Non-profit Hospitals Raked in Massive Profits During Wuhan Virus Pandemic As They Received $23 Billion in Federal Wuhan Virus Aid

Federal officials doled out $23 billion in Wuhan virus aid to the United State’s top 20 non-profit hospitals, even while there was a 62% increase in the hospitals’ collective net assets which led to simultaneous increases in the institutions’ total profits and revenues from 2018 to 2021, per the new report.

According to Mark Tappscott of The Epoch Times, only two of the 20 institutions have repaid the government for the Wuhan virus aid they obtained.

“The 20 largest nonprofit hospitals in the country continued making massive profits while their cumulative net assets soared to $324.3 billion in 2021, up from $200.6 billion in 2018.

Those hospital systems received congressional COVID bailouts of $23 billion and only two providers partially paid their COVID bailout back,” per a report organized by Open The Books, an Illinois-based research nonprofit that compiles and posts spending by all levels of government in the US.

The biggest increase among the top 20 was 92% by the Mayo Clinic, based in Rochester, Minnesota, whose assets surged upward to $17.7 billion in 2021 from $9.2 billion in 2018. The Mayo Clinic received $350,000 in federal Wuhan virus aid, which is the lowest figure received among the top 20 institutions.

The Cleveland Clinic Health System, which is based out of Independence, Ohio, witnessed its assets grow by 60%, to $15.7 billion from $9.8 billion, while obtaining $118 million in federal Wuhan virus aid. Intermountain Healthcare, which is based out of Salt Lake City, the 12th-largest in the top 20, enjoyed a 63% growth in net assets to $11.6 billion from $7.1 billion; Intermountain obtained $518 million in aid.

The Northwestern Medicine system witnessed a 43% jump in net assets, surging to $11.9 billion from $8.3 billion, while also receiving $419 million in Wuhan virus aid. The Indiana University Health System went to $10.3 billion in 2021 from $7 billion in 2018, which marked a 47% increase. The Indiana facility obtained $726 million in Wuhan virus aid from the government.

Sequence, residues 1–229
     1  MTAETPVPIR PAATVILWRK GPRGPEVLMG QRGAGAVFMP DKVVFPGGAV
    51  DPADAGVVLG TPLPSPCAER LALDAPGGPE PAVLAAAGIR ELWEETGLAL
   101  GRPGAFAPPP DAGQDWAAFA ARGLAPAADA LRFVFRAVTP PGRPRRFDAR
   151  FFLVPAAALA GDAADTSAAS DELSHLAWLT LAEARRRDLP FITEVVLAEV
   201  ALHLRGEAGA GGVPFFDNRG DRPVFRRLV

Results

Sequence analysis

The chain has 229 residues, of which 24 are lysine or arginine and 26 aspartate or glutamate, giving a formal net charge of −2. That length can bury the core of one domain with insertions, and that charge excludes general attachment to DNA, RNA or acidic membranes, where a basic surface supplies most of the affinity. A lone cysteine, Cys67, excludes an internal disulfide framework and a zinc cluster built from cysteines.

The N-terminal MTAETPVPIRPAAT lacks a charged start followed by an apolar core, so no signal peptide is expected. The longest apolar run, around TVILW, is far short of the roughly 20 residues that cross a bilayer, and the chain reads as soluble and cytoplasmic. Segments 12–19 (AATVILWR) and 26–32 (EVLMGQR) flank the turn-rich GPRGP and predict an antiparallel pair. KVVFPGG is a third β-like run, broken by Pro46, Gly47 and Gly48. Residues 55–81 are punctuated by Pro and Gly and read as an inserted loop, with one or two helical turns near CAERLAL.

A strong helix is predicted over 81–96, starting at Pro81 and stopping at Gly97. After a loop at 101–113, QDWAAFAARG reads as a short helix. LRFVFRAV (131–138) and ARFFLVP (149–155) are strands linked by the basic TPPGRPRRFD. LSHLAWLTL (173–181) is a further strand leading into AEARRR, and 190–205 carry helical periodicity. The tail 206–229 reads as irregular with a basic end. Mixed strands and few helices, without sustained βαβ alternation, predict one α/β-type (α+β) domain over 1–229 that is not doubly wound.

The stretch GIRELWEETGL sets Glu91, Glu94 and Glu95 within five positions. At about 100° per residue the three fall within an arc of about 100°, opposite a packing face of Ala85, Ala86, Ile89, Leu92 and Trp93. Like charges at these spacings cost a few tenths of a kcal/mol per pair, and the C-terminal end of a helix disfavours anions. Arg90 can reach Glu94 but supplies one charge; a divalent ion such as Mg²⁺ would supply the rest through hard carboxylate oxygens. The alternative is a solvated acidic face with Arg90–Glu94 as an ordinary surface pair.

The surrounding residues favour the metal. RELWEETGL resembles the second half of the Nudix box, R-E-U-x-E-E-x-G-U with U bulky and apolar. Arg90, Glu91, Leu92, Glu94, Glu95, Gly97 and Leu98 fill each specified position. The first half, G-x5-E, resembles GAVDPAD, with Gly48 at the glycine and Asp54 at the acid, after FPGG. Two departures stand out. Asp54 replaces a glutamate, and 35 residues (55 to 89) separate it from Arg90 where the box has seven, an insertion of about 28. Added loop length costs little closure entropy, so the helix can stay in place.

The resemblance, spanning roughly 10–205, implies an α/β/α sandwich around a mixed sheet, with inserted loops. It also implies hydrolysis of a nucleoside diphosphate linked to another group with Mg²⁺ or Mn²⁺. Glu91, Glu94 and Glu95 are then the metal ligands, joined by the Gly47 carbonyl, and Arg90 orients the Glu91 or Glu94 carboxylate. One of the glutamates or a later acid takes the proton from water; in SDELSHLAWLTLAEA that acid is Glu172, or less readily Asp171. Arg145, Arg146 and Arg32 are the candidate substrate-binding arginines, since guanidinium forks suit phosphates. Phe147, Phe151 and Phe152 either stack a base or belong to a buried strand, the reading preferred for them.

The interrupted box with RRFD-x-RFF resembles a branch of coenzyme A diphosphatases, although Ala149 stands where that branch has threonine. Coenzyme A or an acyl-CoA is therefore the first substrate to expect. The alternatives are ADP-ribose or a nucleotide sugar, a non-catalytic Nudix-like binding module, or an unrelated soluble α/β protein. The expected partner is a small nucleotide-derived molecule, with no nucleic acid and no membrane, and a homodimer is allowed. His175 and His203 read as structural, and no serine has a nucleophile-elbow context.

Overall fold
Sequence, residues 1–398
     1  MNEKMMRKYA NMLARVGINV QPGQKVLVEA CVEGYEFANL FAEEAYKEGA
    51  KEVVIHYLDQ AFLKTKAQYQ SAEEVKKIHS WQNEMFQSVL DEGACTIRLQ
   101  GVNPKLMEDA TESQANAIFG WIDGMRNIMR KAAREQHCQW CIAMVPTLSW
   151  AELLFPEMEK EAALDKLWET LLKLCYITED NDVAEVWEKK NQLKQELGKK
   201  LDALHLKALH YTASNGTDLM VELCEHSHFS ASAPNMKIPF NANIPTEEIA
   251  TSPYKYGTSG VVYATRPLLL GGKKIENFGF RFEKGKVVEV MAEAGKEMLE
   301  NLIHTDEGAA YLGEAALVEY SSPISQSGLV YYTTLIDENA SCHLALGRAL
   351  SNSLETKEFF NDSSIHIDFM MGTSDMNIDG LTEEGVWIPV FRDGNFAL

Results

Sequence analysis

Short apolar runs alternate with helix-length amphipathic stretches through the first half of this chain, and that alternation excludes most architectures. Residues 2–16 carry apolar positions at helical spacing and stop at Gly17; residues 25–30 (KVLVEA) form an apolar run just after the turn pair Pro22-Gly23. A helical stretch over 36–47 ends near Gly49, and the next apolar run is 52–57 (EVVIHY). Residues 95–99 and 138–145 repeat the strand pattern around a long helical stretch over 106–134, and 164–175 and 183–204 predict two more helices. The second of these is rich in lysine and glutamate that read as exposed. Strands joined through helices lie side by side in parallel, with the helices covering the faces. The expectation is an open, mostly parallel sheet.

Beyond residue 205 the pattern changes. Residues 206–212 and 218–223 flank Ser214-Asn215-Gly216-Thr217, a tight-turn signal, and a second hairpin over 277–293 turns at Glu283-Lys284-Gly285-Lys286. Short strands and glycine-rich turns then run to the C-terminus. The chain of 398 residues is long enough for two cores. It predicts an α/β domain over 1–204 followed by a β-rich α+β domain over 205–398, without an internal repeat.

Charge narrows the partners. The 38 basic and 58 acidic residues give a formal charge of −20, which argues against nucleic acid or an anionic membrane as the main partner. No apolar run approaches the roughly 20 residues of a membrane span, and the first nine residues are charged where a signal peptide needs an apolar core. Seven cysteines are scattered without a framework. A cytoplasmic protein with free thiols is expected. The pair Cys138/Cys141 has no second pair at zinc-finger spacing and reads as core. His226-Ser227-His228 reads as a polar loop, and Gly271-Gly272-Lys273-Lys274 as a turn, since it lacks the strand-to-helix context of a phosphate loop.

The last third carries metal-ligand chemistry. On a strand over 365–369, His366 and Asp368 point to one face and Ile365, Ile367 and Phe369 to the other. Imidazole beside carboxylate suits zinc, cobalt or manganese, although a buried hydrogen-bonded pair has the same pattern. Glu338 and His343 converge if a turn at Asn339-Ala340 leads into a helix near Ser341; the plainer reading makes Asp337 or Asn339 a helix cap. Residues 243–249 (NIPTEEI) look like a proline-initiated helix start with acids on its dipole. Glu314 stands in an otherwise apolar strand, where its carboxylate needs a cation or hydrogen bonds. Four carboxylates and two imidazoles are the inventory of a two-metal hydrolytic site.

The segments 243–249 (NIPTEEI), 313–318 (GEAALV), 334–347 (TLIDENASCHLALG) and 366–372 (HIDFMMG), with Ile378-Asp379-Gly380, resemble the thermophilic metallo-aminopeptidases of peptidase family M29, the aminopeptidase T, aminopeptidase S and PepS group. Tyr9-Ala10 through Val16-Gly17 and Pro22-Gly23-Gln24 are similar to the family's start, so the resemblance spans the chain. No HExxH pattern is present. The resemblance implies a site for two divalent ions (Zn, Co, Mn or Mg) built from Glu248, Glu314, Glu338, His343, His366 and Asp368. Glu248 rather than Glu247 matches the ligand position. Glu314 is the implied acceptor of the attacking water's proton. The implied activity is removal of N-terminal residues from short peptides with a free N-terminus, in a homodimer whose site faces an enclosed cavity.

As the 20 hospitals received large amounts of government largesse, pay for their top executives skyrocketed, often beyond $10 million annually, per the report.

For example, the CEO of Ascension Healthcare, which is based in St. Louis and is the nation’s second-largest system, obtained $13 million in 2021 and over $22 million over the period the study analyzed.

The leading recipient among the top 20 of the most Wuhan virus aid was San Francisco-based CommonSpirit Health with $3.6 billion, which was then followed by Providence St. Joseph Center with $3 billion, Ascension Healthcare with $2.7 billion, Livonia Health with $2.3 billion and Sutter Health, based in Sacramento, California, with $1.7 billion.

Meanwhile, the overall health of Americans worsened between 2018 and 2021.

“American life expectancy during this period sharply declined by a staggering 2.5 years from 2019 through 2022. While ‘comparable country averages’ rebounded from a COVID-related drop in 2021, the United States continued declining in life expectancy,” the report discovered.

“Yet, the cost of health care is still astronomically high, as the average family paid $22,463 in health insurance premiums in 2022. That does not include out-of-pocket costs like co-pays and deductibles, which can be thousands more. This has led to medical debt for about 100 million Americans,” the report added.

Indeed, there are nasty rent-seeking actors who exploit crises to rake in big profits. The Wuhan virus pandemic has showcased this. In a rational society, such private actors must be decisively punished. No one, public or private, should profit off government-created crises. 

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